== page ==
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    Re: David Thompson's Navigational Technique
    From: George Huxtable
    Date: 2004 May 29, 22:41 +0100

    Congratulations to Ken Muldrew for a masterly account of David Thompson's
    navigation. It qualifies him for full membership of the Band of Lunartics.
    I have a few comments and questions about this Thompson paper.
    1. Ken said-
    >This article is intended as a supplement to the lengthy and
    >informative discussion of David Thompson's navigational technique
    >written by Jeff Gottfred and published in the Northwest Journal
    >(Gottfred, Jeff. How David Thompson Navigated. Northwest Journal Vol.
    >9. ISSN 1206-4203. Available at:
    >http://www.northwestjournal.ca/dtnav.html). Although Gottfred covers
    >almost the entire subject in this excellent article, there are a few
    >minor points that can be clarified for completeness.
    I agree that Gottfred's series about Thompson makes really informative
    reading, but I have found aspects of the relevant chapter (chapter 7) to be
    somewhat confusing. In particular, his use of the same symbols m and s to
    represent both the apparent altitudes of Moon and Sun, and also the "corner
    angles" of the lunar triangle. The diagram showing that lunar triangle is
    so deformed as to confuse rather than clarify. And I calculate the "corner
    angle" s, at the Sun, to be 60.3625deg, not, as Gottfred does, 62.4644deg
    (not that it makes much difference to the end-result).
    2. In Ken's transcript, a capital-pi symbol sometimes appears, which
    presumably indicates some fraction of a mile, as in-
    "Our Co to the crossing Place of the Clear Water River may be about SEbE 2
    ? M."  Is this a symbol for "1/2"? In other places, "1/2" is spelled out,
    and comes over correctly.
    Ken, please clarify this. Just for interest, would these be magnetic
    courses? and if so, is the variation measured and stated, anywhere?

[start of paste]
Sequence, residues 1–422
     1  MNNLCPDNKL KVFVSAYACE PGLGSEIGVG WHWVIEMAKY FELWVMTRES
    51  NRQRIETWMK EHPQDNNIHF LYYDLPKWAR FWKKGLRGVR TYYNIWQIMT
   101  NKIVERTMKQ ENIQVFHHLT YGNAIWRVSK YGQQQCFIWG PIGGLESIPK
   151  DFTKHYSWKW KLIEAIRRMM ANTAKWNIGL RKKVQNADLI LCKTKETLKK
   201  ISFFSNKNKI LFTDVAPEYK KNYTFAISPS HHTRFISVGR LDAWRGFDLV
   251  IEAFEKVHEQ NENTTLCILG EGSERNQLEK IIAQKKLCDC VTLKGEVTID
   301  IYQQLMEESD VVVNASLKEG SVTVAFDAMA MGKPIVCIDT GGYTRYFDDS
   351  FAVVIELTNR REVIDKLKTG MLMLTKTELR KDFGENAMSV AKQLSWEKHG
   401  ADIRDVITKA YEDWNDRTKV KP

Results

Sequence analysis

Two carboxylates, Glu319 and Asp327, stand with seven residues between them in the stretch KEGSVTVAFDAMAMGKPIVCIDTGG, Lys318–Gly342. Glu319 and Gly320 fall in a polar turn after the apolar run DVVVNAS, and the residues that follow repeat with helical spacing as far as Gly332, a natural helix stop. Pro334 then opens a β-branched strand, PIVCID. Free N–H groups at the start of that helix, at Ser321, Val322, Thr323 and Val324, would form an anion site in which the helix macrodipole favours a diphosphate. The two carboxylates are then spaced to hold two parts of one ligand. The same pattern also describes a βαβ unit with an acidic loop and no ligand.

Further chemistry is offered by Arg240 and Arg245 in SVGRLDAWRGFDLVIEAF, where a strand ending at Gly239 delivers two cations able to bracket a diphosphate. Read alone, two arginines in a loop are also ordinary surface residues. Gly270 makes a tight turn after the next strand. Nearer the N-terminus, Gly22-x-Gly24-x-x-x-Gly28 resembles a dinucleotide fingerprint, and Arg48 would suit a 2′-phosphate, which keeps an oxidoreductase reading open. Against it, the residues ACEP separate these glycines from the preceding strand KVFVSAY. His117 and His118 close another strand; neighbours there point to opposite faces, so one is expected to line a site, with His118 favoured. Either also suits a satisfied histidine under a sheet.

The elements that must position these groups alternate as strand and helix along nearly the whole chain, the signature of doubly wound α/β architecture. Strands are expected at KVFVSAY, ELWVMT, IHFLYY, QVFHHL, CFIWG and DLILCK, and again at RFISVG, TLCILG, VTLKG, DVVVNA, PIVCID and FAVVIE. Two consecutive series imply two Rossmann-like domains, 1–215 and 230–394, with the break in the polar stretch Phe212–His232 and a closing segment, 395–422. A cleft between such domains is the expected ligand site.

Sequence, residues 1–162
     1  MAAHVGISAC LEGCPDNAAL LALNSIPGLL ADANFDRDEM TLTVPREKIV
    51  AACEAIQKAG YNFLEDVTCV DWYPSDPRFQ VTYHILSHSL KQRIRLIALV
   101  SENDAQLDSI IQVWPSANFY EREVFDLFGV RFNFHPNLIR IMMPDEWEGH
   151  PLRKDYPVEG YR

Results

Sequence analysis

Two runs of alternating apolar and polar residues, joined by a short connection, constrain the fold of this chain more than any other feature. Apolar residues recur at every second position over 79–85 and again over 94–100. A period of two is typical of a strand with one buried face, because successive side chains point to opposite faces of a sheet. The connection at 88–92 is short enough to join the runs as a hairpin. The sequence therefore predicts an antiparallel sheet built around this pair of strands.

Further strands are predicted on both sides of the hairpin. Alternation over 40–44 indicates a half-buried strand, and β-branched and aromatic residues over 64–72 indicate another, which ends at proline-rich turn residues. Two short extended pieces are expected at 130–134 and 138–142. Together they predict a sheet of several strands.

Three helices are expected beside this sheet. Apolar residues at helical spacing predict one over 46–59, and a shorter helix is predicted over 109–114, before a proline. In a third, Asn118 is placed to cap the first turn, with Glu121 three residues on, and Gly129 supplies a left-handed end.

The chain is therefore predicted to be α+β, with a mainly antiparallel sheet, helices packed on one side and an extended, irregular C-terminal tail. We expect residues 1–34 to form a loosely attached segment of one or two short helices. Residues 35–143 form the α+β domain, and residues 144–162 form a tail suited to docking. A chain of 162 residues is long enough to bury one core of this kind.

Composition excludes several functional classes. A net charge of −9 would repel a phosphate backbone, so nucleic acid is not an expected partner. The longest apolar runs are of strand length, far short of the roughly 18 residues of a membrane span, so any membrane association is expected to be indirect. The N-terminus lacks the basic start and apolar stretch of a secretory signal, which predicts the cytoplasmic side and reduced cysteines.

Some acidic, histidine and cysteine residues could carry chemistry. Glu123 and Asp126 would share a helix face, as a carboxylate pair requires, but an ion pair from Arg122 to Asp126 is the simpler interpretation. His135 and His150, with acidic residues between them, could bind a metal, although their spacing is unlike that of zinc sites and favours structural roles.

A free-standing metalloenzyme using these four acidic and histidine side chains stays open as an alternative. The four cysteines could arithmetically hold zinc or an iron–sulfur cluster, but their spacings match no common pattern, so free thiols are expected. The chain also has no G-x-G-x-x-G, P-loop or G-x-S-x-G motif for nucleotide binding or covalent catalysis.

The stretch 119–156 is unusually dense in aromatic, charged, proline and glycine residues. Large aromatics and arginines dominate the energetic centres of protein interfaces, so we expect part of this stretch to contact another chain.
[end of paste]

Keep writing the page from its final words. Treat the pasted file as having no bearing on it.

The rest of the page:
3. Thompson's lunar distance sequences are very closely spaced in time and
    very smoothly varying in lunar distance. Clearly, he was a highly skilled
    observer; much more so than Lewis & Clark.
    4. Ken wrote-
    >Right ascension and declination for both the sun and moon are reduced
    >from the Greenwich time that results from adding the longitude by
    >account (converted to h:m:s) to the local time (as well as the
    >equation of time if the nautical almanac used mean time in 1800,
    >although perhaps they still used sun time then).
    They still used Sun time. The argument of the Nautical Almanac remained as
    Apparent Time until 1834, when it switched to Mean Time.
    5. >The true altitudes
    >of both the sun and the moon are then calculated (the following
    >method comes from Patterson's notebook that Lewis & Clark carried):
    My transcription of that manuscript notebook (with commentary) is available at-
    6. Ken wrote-
    >Thompson then subtracts the cleared distance (71?13'30") from the
    >true distance that he obtained from the almanac (71?13'54") to get a
    >difference of 24" (D by account being greater than the cleared,
    >measured distance). 24" in distance corresponds to 12" in time which
    >converts to 3 minutes of longitude. He then subtracts 3' from his
    >longitude by account (subtract because his D by account was greater)
    >to get a corrected longitude of 114?45'.
    I'm a bit worried by this procedure, as Ken describes it, in two respects.
    To start with, the "nominal" speed of the Moon across the sky background is
    something like 30 arc-minutes per hour (but note the qualification below),
    which allows it to go right around the sky in a month. But at that rate,
    wouldn't an angle of 24" in lunar-distance convert to 48" (not 12") in
    time, which would convert to 12 minutes (not 3 minutes) of longitude? Am I
    misunderstanding something here? Or was Thompson? Or is there a
    transcription error?
    But, leaving that matter aside, there's a weakness in this procedure, as I
    see it. It appears to assume that the lunar distance changes at a
    reasonably constant rate (of 30 arc-minutes per hour). That is only very
    approximately true. The effects of our old friend "parallactic retardation"
    can, under some circumstances when the Moon is high in the sky, cause the
    speed of the Moon with respect to the Sun or stars to drop to somewhere
    near half that value. If measuring to a star which is badly out of line
    with the Moon's direction of travel, it could reduce even further.
    In such an extreme case, correcting the longitude, even by the amended
    recipe I have suggested above, would only provide about half the change
    that's needed.
    Proceeding by iteration would overcome this problem, but that's not how
    Thompson worked, according to Ken's account.
    7. Thompson uses a curious procedure for establishing Sun altitude for his
    time-sight of the Sun, that I haven't seen before. He makes a series of
    timed measurements of Sun lower-limb altitudes, and then another series, of
    upper-limb altitudes, and processes each set separately to obtain two
    values of clock error, which is then averaged. It works, but I wonder why
    he does it that way?
    contact George Huxtable by email at george---.u-net.com, by phone at
    01865 820222 (from outside UK, +44 1865 820222), or by mail at 1 Sandy
    Lane, Southmoor, Abingdon, Oxon OX13 5HX, UK.

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